The Best of Mayan Mortuary Archaeology and Bones Goes Abroad!

Yup, that is me in 2007 visiting Chichen Itza as part of an anthropology trip to the Yucatec Peninsula!

Yup, that is me in 2007 visiting Chichen Itza as part of an anthropology trip to the Yucatec Peninsula!

Over the next week and a half, I’m going to be traveling the Riviera Maya and visiting some fantastic Mayan archaeological sites. Mayan archaeology has always held a special place in my heart. Visiting the Yucatec peninsula as a teenager convinced me to pursue archaeology as my career choice, and during my undergraduate studies I was lucky enough to have the chance to tour this region with Dr. Ellen Kintz, a fantastic cultural and archaeological anthropologist with a deep love of the Mayan people, both past and present. I didn’t become a Mayan archaeologist (although there are some amazing Mayan archaeologists at MSU that almost convinced me to change regions). However, this region will always be special to me. The great monuments and structures, combined with the modern art and culture of the Maya makes this an amazing place to visit and conduct research.

When I return from my travels, I will share some of the fantastic mortuary sites in this region- but until then, enjoy some of my favorite posts on the Maya.

Top Mayan Mortuary Archaeology Posts

An Unusual Case of Scurvy Found in the Maya: Scurvy is caused by a lack of vitamin C in one’s nutrition, and is rarely investigated among the Maya because skeletal preservation isn’t good, vitamin C deficiency often takes the form of non-specific indicators of new bone growth that can be interpreted in many ways, and the tropical settings of this area and abundant vitamin C resources make malnutrition highly unlikely. However, regardless of difficulty of interpretation and how unlikely it is- we cannot just assume that nutritional deficiencies aren’t present. A new journal article by Gabriel Wrobel (2014) argues for a possible case of scurvy found in an Early Classic Maya Burial.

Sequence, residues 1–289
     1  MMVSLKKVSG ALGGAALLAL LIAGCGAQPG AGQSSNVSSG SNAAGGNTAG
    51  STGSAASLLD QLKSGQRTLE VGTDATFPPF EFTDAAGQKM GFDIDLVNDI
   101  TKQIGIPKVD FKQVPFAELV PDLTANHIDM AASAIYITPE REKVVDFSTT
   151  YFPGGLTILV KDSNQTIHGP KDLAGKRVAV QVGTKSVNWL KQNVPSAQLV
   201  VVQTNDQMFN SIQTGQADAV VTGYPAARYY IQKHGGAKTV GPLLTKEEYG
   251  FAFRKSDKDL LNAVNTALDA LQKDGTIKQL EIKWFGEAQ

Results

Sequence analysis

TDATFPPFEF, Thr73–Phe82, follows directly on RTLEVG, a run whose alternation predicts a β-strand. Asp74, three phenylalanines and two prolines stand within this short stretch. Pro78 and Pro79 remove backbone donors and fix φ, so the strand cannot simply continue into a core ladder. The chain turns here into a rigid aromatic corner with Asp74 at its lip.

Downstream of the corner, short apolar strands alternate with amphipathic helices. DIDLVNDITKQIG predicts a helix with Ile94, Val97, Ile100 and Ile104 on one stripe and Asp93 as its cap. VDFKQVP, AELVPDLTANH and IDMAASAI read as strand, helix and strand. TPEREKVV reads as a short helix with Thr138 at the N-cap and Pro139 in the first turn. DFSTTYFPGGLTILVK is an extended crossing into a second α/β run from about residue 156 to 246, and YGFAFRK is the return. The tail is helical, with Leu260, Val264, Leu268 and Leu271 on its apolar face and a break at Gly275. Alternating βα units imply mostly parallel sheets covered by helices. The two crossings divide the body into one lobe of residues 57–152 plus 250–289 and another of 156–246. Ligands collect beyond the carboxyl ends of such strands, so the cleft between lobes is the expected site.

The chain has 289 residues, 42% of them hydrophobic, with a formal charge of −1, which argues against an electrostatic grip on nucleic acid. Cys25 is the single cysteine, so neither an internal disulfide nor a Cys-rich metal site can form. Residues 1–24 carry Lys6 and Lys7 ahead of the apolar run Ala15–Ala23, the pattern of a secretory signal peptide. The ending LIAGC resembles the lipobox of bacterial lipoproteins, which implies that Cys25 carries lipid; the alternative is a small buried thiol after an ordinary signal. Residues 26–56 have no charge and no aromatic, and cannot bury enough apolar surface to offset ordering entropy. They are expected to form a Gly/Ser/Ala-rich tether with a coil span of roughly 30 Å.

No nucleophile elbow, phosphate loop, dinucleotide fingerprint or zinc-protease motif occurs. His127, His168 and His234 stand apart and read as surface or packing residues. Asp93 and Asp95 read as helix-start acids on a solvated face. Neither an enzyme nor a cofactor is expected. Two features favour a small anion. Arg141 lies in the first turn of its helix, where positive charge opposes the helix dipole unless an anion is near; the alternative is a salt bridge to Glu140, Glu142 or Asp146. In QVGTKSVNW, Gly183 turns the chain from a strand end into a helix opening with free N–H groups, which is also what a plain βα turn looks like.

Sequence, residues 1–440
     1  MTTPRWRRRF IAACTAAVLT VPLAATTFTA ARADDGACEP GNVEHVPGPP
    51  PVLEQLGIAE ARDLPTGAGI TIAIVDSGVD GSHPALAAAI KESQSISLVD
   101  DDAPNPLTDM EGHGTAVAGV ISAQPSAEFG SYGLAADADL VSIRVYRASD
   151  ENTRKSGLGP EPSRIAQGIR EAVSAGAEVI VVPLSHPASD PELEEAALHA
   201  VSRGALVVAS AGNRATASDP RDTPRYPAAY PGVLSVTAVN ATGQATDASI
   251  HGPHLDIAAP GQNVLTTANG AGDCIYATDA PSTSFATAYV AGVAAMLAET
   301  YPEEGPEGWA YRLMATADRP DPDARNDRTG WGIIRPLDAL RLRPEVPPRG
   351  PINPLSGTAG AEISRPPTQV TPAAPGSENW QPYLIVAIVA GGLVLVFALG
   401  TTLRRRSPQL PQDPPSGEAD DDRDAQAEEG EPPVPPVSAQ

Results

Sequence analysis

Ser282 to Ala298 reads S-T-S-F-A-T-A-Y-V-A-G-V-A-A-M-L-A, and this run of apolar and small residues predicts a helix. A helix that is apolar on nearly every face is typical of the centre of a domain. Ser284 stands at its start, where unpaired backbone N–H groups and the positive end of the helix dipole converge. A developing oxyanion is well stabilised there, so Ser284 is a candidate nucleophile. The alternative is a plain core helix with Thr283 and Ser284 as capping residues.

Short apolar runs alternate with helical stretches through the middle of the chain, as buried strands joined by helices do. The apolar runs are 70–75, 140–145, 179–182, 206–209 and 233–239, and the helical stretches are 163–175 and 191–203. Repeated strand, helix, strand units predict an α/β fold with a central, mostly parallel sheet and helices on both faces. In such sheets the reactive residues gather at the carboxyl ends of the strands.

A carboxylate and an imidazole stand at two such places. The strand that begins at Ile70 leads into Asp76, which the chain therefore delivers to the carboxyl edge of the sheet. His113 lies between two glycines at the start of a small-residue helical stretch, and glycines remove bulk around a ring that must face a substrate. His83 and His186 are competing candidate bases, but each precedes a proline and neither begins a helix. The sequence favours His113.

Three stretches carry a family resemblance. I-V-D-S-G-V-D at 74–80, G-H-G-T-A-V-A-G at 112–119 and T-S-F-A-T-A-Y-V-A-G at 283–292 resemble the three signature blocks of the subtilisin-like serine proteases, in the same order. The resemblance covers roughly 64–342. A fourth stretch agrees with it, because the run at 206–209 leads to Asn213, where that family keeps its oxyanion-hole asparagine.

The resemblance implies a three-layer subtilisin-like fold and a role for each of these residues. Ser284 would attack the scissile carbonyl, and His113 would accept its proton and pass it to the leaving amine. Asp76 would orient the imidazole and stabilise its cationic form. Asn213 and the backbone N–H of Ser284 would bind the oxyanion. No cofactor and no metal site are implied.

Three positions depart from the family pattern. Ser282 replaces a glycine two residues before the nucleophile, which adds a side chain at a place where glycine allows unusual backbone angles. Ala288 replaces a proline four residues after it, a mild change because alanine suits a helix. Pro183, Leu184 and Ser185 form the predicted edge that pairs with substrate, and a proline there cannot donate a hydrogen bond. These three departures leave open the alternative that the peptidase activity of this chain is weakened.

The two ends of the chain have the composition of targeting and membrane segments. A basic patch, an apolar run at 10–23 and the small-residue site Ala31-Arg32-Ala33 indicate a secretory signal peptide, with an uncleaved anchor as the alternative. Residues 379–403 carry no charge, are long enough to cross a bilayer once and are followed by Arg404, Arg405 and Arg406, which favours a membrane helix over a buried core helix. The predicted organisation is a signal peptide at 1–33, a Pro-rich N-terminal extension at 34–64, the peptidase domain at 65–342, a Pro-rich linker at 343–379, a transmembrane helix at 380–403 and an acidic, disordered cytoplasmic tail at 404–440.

Art, Text and Dismemberment: Mayan art has been known to be fairly violent in its depiction of what happens to captives and sacrificial victims- heads were being taken as trophies and individuals were dismembered after battle, and texts seem to support this image of violence. Most recently, researchers of the Department of Anthropology of the Americas at the University of Bonn have discovered a 1,400 year old mass grave within the Mayan city of Uxul that revealed hatchet marks on the neck bones indicating decapitation, and some have violent trauma unrelated to the dismemberment like blows to the front of the skull.

Female Mayan Rulers: In the past, there has been an assumption in archaeology that grand tombs and artifact laden graves belong to male rulers. However, Mayan archaeology has been quite forward thinking in this respect and in the past has left interpretations open. Recent excavations at the Mayan ruins of Nakum in Guatemala found the skeletons of two royal burials, both of which have been interpreted as females.

Mayan Tomb… Without the Bones: While the tomb itself seems complete, there doesn’t seem to be anyone buried there. Given what they know of the site from other inscriptions, archaeologists think that this may be the tomb of a female leader. What can be learned when the remains are missing? A lot!

Investigating Red Colored Bones in Mesoamerica: It isn’t rare to see bones that have a color other than the usual lab-cleaned white or dirt-stained brown. Red stains are usually attributed to natural substances like ochre, which when combined with water can make a non-toxic oil like paint. However, a new study by Avila et al. (2014) looks deeper into the presence of red colored bones in Mesoamerica and questions are current understanding of this color in mortuary contexts.

Bioarchaeology of a Royal Burial from Palenque: Palenque is perhaps one of the most famous and most studied archaeological sites of the Maya. A new article by Couoh (2013) examines the human remains from one of the oldest tombs excavated at Palenque, and found that PAL-44 was definitely a male, but aged to his late 20’s, rather than late teens as suggested by earlier research. PAL-44 had idiopathic scoliosis, a condition where there is bending within the spine with no known cause, and its severity would have left him slightly deformed and unable to walk without problems.

Enjoy these while I’m adventuring- we will be back with new content on February 12!





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